THE death of a five-year-old boy who was killed by his mother could not have been predicted or prevented, official reviews have concluded.

Tyler Warmington was stabbed by Emma Jackson at their home in Faringdon in March 2017. She was herself found by police with self-inflicted injuries.

Oxfordshire Safeguarding Children Board (OSCB) and Oxford Health NHS Foundation Trust both concluded nothing could have been done to have ‘predicted or prevented’ Tyler’s death.

In April 2018, Jackson was sent to a mental health hospital indefinitely after she admitted manslaughter by diminished responsibility.

Although Jackson had a long history of mental illness going back about 20 years, she had no record of violence before Tyler's death. Assessments carried out in the run-up to March 2017 found her mental health problems appeared to have reduced.

READ MORE: Mum sentenced for stabbing son to death in Faringdon

Oxford Health said official documents gave ‘no indication’ that professionals involved in Jackson’s case had ‘missed signs of a serious deterioration’ in her mental health or risk.

But it was found that Jackson, who is now 42, had appeared to be suffering from delusional thinking in January 2015. She said she worried her son would be lost to her and on a ‘small number of occasions’ had reported thoughts of killing him to ‘prevent others harming him’. 

At the time, the pair lived in Swindon and had lived in South London at the start of Tyler’s life. They moved to Faringdon in June 2015. 

Work will now need to go into ensuring people’s histories are transferred appropriately when they move around the country. 

Mark Hancock, Oxford Health’s medical director, said: “[Transferring details] can be very difficult and I think that’s the issue. As the NHS we’re working on better systems of information and transfer of patient records when people move. That’s independent of this case – that’s something that the NHS has been working on for some time anyway.”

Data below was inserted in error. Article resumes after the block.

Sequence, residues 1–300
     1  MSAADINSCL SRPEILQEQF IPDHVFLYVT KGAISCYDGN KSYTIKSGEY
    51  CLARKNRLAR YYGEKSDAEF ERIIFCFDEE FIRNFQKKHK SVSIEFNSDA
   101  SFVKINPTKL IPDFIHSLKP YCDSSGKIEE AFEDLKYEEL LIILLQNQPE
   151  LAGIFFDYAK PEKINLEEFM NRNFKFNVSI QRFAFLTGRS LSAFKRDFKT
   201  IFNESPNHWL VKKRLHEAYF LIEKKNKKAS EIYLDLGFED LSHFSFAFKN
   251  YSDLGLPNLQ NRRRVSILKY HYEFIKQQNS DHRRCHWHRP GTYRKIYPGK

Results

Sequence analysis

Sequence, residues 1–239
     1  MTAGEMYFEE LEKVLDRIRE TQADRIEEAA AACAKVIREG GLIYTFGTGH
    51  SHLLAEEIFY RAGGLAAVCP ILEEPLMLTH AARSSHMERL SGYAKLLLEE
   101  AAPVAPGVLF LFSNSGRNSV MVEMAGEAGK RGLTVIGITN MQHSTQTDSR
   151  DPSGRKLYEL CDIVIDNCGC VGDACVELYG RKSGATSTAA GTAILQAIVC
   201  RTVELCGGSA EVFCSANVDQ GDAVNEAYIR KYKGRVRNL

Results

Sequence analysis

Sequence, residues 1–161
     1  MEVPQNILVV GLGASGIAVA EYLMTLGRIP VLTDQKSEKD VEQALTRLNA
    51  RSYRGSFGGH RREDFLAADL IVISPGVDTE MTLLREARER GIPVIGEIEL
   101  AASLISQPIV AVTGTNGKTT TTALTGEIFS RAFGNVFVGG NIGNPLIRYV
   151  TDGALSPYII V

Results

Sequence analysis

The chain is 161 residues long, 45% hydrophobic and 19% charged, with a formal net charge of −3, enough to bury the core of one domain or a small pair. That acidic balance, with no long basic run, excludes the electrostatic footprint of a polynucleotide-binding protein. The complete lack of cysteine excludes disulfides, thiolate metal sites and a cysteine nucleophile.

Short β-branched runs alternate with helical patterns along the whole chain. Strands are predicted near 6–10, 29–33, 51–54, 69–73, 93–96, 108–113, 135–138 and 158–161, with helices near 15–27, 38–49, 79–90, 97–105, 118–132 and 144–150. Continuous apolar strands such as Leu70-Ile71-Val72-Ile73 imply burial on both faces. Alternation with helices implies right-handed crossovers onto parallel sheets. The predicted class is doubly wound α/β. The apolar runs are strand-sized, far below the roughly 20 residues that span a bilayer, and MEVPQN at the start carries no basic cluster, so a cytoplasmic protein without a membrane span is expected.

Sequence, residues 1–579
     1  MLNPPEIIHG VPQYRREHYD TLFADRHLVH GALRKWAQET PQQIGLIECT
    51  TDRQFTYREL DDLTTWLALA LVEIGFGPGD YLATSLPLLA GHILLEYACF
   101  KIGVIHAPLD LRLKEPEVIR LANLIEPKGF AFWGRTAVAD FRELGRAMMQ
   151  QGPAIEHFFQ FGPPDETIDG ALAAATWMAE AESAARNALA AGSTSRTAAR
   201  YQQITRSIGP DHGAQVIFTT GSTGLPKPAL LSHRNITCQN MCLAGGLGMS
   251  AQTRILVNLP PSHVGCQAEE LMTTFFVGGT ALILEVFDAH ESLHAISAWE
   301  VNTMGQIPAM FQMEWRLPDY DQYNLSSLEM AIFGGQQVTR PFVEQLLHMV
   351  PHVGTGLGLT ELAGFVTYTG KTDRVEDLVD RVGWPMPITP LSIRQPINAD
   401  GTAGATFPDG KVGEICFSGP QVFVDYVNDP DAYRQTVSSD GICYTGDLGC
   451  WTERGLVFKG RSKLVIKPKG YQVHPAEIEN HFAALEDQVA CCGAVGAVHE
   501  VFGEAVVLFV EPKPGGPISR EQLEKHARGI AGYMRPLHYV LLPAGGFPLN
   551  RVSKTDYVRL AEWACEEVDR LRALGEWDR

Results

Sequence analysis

READ MORE: School called 999 on day five-year-old Tyler Warmington died, inquest hears

Dr Hancock said: “I think there’s also a question of ensuring that information summaries are given in a way that’s useful. A problem can be that if you send someone a case record, it doesn’t necessarily mean the next person who will see the patient will have the time to pick out the bit that’s important. 

“In this case there was particular risk information that effectively was lost in the transfer between organisations.” 

Richard Simpson, independent chair of the OSCB, said: “This is first and foremost a human tragedy when a young boy lost his life. We have conducted a thorough review that has led to recommendations and a comprehensive Action Plan.

“The tragedy is that despite many workers and agencies doing excellent work to support the family they were not able to predict and therefore prevent this loss of life. My thoughts are with the family at this extremely difficult time.”

Mr Simpson said OSCB has withheld details relating to three other serious case reviews because of fears children involved could be adversely affected if details were made public. 

He said: “We would only withhold if it was protecting surviving people and surviving children. We will still look if we can do something, but we do have to protect vulnerable children. 

“In terms of numbers, I can only talk of Oxfordshire Safeguarding Board but it’s very unusual for us not to publish. 

“We work very hard to engage in an open way and we’re here talking about a difficult case. 

“People say: it’s easy because [today’s] report says it wasn’t predictable or preventable. But in some cases, that’s more difficult [to publicise], because actually a number of people did really well [in their jobs] – but a child died. We would always wish to publish.”